May 2008
Volume 49, Issue 13
ARVO Annual Meeting Abstract  |   May 2008
Use of a Continuous Probability Scale to Display Visual Field Damage
Author Affiliations & Notes
  • M. Wall
    University of Iowa, College of Medicine, Iowa City, Iowa
    Department of Neurology,
  • C. A. Johnson
    Devers Eye Institute, Portland, Oregon
  • R. H. Kardon
    University of Iowa, College of Medicine, Iowa City, Iowa
    Department of Ophthalmology and Visual Sciences,
  • D. P. Crabb
    Dept. of Optometry and Visual Science, City University, London, United Kingdom
  • Footnotes
    Commercial Relationships  M. Wall, None; C.A. Johnson, None; R.H. Kardon, None; D.P. Crabb, None.
  • Footnotes
    Support  VA Merit Review
Investigative Ophthalmology & Visual Science May 2008, Vol.49, 1104. doi:
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      M. Wall, C. A. Johnson, R. H. Kardon, D. P. Crabb; Use of a Continuous Probability Scale to Display Visual Field Damage. Invest. Ophthalmol. Vis. Sci. 2008;49(13):1104. doi:

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      © ARVO (1962-2015); The Authors (2016-present)

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Purpose: : To derive and display the percentile score (1-99) at each perimetric location of a standard automated perimetry (SAP) test to determine if this technique will uncover patterns of loss not visible in standard (Statpac) probability maps.

Methods: : We computed continuous scale probability plots from data collected from testing 305 normal participants with SAP using SITA Standard testing with Humphrey Field Analyzer (Model 750) automated perimetry. The thresholds from the results of the healthy subjects were sorted from highest to lowest at each visual field location tested. Empirical percentiles were derived in single increments from the first to the 99th percentile from age-corrected threshold decibel values from normal subjects. Using the statistical programming language R, we displayed the continuous probability plot as a color scale and then interpreted visual field plots from normal subjects and from patients with visual system disorders where the diagnosis was unequivocal.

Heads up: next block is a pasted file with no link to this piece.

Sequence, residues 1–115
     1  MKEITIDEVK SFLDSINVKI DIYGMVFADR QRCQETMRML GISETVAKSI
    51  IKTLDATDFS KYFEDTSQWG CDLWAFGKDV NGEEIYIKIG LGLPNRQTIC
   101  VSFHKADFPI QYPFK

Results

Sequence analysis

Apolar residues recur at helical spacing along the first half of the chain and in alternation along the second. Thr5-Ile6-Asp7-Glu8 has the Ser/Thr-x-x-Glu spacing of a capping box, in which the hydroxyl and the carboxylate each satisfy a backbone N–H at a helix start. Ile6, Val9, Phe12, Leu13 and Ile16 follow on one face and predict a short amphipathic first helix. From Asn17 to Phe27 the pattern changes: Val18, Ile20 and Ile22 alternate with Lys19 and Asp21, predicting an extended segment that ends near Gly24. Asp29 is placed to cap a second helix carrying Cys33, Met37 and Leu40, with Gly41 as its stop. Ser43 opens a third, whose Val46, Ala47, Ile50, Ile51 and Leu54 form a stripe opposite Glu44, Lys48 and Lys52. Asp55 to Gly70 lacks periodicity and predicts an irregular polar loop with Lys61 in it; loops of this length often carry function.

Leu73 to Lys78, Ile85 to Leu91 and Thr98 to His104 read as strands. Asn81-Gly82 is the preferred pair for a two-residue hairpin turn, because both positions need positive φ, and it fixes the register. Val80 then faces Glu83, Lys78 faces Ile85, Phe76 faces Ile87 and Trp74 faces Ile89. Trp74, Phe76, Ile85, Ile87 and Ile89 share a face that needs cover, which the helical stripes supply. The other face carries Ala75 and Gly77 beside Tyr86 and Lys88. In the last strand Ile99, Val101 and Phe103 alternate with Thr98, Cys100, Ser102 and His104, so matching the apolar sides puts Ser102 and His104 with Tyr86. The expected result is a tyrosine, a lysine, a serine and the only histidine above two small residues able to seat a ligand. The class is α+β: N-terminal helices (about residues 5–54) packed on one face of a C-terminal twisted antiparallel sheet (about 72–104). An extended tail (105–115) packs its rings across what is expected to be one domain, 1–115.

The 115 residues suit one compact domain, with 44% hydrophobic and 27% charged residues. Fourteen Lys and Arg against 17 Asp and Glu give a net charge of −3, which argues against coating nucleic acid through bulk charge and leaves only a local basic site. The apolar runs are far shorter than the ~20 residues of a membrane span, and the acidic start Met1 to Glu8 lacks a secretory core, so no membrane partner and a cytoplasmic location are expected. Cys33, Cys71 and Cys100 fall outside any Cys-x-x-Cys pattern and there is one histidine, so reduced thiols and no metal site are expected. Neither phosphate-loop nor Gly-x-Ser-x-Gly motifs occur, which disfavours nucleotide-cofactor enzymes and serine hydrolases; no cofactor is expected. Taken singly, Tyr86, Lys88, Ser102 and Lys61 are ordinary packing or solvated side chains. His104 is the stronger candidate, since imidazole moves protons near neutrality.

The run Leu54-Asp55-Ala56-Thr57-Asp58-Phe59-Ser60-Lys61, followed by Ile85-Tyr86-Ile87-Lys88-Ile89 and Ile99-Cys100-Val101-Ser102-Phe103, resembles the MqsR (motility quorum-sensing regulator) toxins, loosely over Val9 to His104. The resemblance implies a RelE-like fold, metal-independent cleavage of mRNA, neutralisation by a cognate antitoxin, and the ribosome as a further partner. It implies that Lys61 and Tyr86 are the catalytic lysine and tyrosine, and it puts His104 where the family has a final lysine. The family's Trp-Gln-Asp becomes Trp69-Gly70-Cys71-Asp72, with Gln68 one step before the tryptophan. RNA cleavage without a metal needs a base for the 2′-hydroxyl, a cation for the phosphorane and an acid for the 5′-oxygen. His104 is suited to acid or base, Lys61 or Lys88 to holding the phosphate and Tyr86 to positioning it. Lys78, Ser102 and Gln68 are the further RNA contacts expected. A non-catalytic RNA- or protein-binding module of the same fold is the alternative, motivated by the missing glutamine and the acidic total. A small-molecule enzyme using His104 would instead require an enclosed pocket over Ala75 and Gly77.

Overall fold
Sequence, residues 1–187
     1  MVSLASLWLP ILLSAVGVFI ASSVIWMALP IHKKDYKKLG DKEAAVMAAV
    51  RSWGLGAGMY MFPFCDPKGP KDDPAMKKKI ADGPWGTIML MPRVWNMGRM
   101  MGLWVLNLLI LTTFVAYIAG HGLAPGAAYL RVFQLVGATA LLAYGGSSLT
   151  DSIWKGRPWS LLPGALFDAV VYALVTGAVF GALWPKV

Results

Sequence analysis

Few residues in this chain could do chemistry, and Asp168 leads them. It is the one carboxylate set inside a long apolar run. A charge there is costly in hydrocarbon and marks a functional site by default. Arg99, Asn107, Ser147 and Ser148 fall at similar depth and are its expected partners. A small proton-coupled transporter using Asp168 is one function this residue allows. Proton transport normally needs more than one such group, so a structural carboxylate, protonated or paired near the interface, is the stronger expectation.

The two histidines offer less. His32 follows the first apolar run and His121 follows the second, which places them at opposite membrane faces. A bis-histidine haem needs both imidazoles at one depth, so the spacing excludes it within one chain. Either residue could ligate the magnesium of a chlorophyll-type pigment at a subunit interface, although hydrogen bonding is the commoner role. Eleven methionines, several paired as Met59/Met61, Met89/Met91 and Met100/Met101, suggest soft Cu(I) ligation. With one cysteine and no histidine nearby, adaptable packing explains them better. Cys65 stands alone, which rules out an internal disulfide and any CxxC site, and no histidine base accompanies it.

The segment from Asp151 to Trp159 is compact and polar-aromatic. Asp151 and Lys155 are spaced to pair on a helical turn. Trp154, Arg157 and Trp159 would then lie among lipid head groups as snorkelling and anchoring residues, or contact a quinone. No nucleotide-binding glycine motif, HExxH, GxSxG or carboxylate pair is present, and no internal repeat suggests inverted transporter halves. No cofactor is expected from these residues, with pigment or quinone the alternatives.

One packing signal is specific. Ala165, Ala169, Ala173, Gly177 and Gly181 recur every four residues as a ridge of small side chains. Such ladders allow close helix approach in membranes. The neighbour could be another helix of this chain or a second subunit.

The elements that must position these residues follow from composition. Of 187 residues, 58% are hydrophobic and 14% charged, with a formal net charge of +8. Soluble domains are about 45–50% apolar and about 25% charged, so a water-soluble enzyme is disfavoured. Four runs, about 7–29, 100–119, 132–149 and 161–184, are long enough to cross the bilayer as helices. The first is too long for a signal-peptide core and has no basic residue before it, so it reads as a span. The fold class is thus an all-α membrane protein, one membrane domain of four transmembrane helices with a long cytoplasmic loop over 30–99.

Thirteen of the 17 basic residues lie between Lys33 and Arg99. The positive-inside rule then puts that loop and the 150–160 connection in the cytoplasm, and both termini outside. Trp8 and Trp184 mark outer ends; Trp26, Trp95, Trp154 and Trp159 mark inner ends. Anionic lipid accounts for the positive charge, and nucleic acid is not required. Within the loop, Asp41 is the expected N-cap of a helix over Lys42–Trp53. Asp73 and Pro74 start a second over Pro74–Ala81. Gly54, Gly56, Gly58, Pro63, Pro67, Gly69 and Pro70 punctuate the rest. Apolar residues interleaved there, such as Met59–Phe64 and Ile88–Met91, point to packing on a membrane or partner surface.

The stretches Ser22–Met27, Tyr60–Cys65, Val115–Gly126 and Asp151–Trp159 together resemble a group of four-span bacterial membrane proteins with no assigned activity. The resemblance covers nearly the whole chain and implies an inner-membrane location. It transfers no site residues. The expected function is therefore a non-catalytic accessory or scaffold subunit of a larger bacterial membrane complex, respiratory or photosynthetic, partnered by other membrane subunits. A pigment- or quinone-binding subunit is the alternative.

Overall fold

Results: : Added information was achieved in identifying patterns of visual loss by using the 5th-20th percentile range in conjunction with the lower range below the 5th percentile typically used in visual field analysis software. Extent of contiguous regional defects appeared larger using this method. Normals commonly have threshold results within the 5-20 percentile range but test locations usually appeared spatially random throughout the visual field rather than in a pattern.

Conclusions: : Continuous scale probability plots are a useful adjunct for interpretation of perimetry results.

Keywords: perimetry • visual fields • optic nerve 

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